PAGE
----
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Posted at 2:21 PM ET, 01/ 4/2011

Mitch McConnell's strategic vision

By Conor Williams

In response to Joshua Green's Atlantic profile on Senate Republican Leader Mitch McConnell, Matt Yglesias claims that McConnell's hit upon a game-changing insight:

Most people don't pay attention to politics very much, and don't have detailed informed opinions about politics. But most people do have reasonably strong feelings about political parties and about political leaders. So most people reason about issues backwards from what elites are doing. Thus if you see Barack Obama propose something and then that something attracts bipartisan support, people generally conclude that it's good. Conversely, if you see Barack Obama propose a series of things that meet with universal GOP condemnation, people generally conclude that these proposals are partisan and extreme. Logically, then, the opposition party should uniformly oppose the President's ideas.

It seems to me that Yglesias -- and by extension, McConnell -- is right about the political mechanics at work. What's strange to me is that this is being hailed as a new insight. Isn't the perception of bipartisanship exactly what Clintonian "triangulation" was all about? Clinton stepped "above" left and right to attract support across traditional party lines and distinguish himself from radical partisans. Presidents throughout American history have included members of the opposing party in their cabinet as insulation against the charge of partisanship.

Of course, McConnell's not up for tenure -- he's after that Majority Leader seat. The remarkable part isn't whether his insight is new, but that he's built a corresponding game plan and executed it better than anyone else in memory.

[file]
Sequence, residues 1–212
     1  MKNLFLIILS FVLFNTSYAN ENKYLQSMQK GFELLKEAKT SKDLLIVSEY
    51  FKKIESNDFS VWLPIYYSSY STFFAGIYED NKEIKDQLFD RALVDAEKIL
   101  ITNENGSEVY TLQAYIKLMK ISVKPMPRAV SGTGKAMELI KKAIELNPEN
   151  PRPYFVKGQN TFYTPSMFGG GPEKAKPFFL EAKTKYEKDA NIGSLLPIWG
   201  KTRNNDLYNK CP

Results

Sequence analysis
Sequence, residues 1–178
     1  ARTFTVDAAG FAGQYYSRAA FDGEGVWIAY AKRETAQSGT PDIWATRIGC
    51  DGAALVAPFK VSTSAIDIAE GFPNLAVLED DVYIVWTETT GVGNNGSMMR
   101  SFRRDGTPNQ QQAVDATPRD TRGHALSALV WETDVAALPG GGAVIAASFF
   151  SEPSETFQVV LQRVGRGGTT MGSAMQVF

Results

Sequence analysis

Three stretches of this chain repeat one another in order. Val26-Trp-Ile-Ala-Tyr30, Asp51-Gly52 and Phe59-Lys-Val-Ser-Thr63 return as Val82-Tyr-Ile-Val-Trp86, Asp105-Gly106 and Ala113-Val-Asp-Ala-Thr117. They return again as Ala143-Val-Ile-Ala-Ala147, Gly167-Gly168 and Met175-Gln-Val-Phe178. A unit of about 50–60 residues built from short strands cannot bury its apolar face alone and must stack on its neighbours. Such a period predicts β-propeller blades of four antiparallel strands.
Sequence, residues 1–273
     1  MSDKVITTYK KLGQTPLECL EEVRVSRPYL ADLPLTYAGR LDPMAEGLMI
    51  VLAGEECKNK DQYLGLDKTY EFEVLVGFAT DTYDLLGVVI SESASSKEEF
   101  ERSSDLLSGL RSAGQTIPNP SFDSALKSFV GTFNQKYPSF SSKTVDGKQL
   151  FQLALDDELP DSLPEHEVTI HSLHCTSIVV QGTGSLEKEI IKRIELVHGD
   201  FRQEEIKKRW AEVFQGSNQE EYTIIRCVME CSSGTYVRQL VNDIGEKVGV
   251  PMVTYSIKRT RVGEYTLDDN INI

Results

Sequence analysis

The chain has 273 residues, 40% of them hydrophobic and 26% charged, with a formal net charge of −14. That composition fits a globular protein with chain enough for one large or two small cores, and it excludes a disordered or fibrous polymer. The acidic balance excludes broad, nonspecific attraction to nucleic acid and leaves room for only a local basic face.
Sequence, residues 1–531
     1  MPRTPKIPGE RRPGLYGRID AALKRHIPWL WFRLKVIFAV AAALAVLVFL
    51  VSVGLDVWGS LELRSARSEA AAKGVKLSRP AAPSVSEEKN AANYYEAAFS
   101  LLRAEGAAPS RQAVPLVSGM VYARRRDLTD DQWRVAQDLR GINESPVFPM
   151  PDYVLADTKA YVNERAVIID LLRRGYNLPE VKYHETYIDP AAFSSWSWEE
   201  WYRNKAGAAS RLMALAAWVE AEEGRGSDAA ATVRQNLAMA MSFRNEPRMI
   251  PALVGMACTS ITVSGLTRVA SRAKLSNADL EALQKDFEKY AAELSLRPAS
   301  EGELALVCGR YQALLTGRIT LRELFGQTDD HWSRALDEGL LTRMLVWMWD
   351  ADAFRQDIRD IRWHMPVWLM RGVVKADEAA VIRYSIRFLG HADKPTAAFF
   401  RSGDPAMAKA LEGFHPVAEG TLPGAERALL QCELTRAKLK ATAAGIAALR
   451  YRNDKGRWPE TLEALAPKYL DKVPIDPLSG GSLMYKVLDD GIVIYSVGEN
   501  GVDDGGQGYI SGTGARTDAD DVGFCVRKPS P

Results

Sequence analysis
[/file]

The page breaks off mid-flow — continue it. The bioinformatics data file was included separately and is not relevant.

How is it that Republicans do such a fantastic job building and maintaining unity in their caucus and through their electoral blocs while Democrats haven't? How do they hang together so well? The easy answer is still Will Rogers's: "I'm not a member of any organized party; I'm a Democrat!"

McConnell's got his own answer, which he offers in today's Post: Democratic partisanship is forcing Republicans to band together.

This partisan approach is the main reason Republicans have stuck together over the past few years. In the best traditions of the Senate, we have insisted that the views of those we represent not be ignored. The November election suggested that voters appreciated our stand against partisanship.

He cites Democratic procedural maneuvering as evidence, but this is -- at best -- a partial answer. What about Republican obstruction of uncontroversial judicial nominees? What about the protracted debate over health care? The collapse of the -- bipartisan -- climate bill? When asked to the table, Republicans haven't been willing to negotiate in good faith.

There's a certain genius in McConnell's position, and I think that it's a little deeper than what Yglesias was suggesting: it's not that his refusal to permit bipartisanship is "new," but that he's managed to frame Republican obstructionism explicitly as a defense against partisanship. He's presenting digging in the collective Republican Party heels as a response to partisanship -- successfully. That's innovation. It might not be true, but it's mind-blowingly good political rhetoric.

By Conor Williams  | January 4, 2011; 2:21 PM ET
Categories:  Williams  | Tags:  Conor Williams  
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Just another example of how a large portion of the electorate is just too thoughtless and gullible to be allowed to vote. If you can't figure out what Boehner's doing, realize it's antithetical to how you think the country should be governed, and figure out his interests stymie your own, why should you get to vote.